The Open Space is a great place for dogs, so many scents to follow, sights to see, other dogs to meet and greet and unfortunately, livestock and wildlife to chase. Problem is, uncontrolled dogs can also damage the natural environment and threaten other dogs and people. The temptations offered to dogs in the Open Space are differant to those in the controlled environment of your yard or training area.
This page will contain resources useful Training Resources for V&S visitors to the Open Space. In general, we will assume your dog has received “basic” training, Come, Sit, Stay etc. You definately need to achieve that level of training before allowing your dog off leash anywhere.
NOTE: Boulder is tightening up on access to the Open Space and demanding a higher level of control for dogs. The Open Space is an extremely challenging environment. FIDOS does not endorse any trainers who claim to train your pup to OS standards.
Having said that below is a list of resources available:
In the first instance, the Humane Society of Boulder Valley is offering three classes relevanet to the Voice and Sight in the Open Space.
The ASPCA has a pretty good summary of off leash issues at
ASPCA webpage on training off leash dogs
Some Training Videos
Every dog is unique and getting some professional, or at least experienced 1on1 advice with training can save a lot of stress down the line.
Here’s some tips from YouTube to think about.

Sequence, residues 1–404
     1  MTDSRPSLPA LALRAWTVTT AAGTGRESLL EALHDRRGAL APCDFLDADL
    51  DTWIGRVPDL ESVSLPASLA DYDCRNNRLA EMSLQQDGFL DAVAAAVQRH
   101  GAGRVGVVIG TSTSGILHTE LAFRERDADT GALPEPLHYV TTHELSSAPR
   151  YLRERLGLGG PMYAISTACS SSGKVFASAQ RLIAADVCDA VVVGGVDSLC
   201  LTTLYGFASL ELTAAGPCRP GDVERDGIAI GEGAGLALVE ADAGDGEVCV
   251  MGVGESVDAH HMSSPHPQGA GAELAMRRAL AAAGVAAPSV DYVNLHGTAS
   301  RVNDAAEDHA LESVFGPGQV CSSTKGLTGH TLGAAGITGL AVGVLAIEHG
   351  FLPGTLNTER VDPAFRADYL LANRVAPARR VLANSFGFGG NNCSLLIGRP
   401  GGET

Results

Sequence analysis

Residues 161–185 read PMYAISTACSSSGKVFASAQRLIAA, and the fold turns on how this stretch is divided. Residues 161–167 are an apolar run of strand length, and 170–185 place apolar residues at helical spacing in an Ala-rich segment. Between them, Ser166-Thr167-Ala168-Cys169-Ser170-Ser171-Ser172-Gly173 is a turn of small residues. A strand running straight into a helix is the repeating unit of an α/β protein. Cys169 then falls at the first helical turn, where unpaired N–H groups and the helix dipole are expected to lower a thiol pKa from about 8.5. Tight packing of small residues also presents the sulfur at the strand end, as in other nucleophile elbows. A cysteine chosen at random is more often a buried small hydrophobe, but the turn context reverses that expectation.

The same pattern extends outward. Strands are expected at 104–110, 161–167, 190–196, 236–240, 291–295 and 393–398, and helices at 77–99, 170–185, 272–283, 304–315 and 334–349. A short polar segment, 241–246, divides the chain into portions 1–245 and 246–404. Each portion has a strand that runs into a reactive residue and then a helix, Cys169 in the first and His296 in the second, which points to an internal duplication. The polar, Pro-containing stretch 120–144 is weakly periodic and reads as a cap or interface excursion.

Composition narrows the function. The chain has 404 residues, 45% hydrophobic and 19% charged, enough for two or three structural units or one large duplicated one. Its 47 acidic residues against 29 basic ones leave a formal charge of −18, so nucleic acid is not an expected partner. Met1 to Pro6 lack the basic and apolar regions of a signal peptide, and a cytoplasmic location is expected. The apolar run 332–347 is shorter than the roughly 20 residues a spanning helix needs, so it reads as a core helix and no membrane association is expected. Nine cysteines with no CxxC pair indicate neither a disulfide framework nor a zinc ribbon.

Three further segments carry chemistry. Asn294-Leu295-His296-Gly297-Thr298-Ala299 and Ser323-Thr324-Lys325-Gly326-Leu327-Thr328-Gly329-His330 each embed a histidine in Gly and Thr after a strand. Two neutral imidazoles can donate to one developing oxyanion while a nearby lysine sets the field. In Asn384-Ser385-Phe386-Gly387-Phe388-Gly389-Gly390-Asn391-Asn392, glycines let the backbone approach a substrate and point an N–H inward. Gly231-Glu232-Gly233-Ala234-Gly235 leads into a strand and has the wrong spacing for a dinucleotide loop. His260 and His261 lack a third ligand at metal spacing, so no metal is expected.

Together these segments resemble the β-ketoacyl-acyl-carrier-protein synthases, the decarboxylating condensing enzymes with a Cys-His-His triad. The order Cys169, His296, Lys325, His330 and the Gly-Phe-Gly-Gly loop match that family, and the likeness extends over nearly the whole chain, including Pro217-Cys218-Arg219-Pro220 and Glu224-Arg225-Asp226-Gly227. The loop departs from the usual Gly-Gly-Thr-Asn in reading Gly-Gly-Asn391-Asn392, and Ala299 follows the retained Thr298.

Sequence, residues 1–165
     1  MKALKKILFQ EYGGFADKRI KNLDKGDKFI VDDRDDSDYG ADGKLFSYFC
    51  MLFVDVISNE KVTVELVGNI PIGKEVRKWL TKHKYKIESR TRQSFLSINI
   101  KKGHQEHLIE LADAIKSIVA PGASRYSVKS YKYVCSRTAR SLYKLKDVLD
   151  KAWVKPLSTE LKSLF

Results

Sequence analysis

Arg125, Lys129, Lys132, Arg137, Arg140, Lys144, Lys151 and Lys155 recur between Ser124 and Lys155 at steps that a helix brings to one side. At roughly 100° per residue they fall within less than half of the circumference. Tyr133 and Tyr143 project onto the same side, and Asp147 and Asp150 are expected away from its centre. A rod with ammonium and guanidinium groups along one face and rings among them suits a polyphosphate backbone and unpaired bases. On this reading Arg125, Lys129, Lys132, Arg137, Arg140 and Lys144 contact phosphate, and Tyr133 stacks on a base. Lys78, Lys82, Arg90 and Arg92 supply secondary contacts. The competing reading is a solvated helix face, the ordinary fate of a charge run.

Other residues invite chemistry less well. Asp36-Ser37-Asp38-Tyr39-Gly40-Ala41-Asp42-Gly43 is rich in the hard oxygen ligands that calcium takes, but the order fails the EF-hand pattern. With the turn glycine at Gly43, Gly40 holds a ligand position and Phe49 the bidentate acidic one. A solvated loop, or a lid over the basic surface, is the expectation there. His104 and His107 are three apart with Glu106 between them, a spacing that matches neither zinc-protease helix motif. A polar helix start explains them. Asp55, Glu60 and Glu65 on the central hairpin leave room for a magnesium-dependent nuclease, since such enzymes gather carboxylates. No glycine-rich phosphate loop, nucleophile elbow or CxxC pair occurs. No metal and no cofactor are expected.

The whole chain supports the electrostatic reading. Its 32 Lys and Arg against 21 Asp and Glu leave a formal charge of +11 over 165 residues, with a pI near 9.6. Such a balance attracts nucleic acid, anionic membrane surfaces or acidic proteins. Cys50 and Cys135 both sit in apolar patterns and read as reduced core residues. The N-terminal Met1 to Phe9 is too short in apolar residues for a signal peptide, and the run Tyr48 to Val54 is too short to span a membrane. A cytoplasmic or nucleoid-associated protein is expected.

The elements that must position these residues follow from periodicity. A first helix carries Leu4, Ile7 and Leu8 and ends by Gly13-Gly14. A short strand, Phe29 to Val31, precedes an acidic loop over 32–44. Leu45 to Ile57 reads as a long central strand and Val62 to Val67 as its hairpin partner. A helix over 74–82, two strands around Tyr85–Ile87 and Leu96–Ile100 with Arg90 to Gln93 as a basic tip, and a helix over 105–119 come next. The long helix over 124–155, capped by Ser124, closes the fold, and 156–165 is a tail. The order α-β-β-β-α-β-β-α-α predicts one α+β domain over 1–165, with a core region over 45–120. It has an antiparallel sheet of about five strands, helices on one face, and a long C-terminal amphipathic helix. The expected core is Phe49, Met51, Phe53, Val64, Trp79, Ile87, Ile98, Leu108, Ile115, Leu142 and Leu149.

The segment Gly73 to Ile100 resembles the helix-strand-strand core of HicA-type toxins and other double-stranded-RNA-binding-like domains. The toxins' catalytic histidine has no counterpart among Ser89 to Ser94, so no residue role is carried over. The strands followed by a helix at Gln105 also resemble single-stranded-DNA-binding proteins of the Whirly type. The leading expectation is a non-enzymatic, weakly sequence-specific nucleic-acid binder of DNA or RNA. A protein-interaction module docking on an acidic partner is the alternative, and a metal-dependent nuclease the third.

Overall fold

Some Interesting Books
Theres a lot of books out there giving advice about training.
Heres some books giving a little extra info which are interesting.
Chapter 2 on dogs gives a great insight a dogs behaviour, as well as the chapter on Wildlife but need to read chapter 1 to understand the terminology used.
Some tips to try if you are having specific problems
>Not everything will work for all dogs, but trying a few things improves the chance of finding the right key. Any suggestions welcome.
- Crate Training – Crates are a great way of giving the dog somewhere safe to be when life gets too much, or just as a den,However, getting a dog, especially a puppy used to it can be frustrating, they want to be with you you want to be with them.Rather than locking them in the crate, whining and barking at night (from bitter experience), Try camping out for 2 or 3 nights by the crate in a room other than the bedroom. Dog feels secure in the crate and not alone. I’ve found 3 nights does the trick.
This is at the end because its always worth remembering that dogs are smart and are learning all the time. Sometimes they will learn what you want them to know, sometimes they’ll learn on their own.
For example my hunting dog wasn’t really bothered about greeting people, there were always more interesting scents to follow. Rangers started checking his Green Tag, and pet him while checking, which he loves. He learned to associate the rangers uniform with petting and started approaching rangers, which resulted in me getting lectured a couple of times as the Boulder Law is that dogs must not approach people uninvited.
Similarly I like to greet dogs I meet, but I’m also aware that in welcoming the dog I may be encouraging “conflictive behaviour”.
Whats the answer?
The answer is not only to train the dog in basic behaviour which is easy, but to go the extra mile and train them to understand right from wrong according to local laws. Not so easy, but they are smart.